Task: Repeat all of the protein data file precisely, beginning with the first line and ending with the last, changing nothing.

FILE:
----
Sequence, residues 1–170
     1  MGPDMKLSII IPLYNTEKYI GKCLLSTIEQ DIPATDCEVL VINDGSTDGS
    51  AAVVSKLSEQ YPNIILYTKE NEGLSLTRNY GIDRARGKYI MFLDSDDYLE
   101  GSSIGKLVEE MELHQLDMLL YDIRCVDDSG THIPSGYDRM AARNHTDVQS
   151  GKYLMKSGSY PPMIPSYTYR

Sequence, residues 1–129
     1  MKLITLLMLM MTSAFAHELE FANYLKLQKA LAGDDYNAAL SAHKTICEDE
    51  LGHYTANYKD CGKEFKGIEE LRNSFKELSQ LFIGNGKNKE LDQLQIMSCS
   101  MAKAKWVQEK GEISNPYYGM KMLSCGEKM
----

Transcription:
Sequence, residues 1–170
     1  MGPDMKLSII IPLYNTEKYI GKCLLSTIEQ DIPATDCEVL VINDGSTDGS
    51  AAVVSKLSEQ YPNIILYTKE NEGLSLTRNY GIDRARGKYI MFLDSDDYLE
   101  GSSIGKLVEE MELHQLDMLL YDIRCVDDSG THIPSGYDRM AARNHTDVQS
   151  GKYLMKSGSY PPMIPSYTYR

Sequence, residues 1–129
     1  MKLITLLMLM MTSAFAHELE FANYLKLQKA LAGDDYNAAL SAHKTICEDE
    51  LGHYTANYKD CGKEFKGIEE LRNSFKELSQ LFIGNGKNKE LDQLQIMSCS
   101  MAKAKWVQEK GEISNPYYGM KMLSCGEKM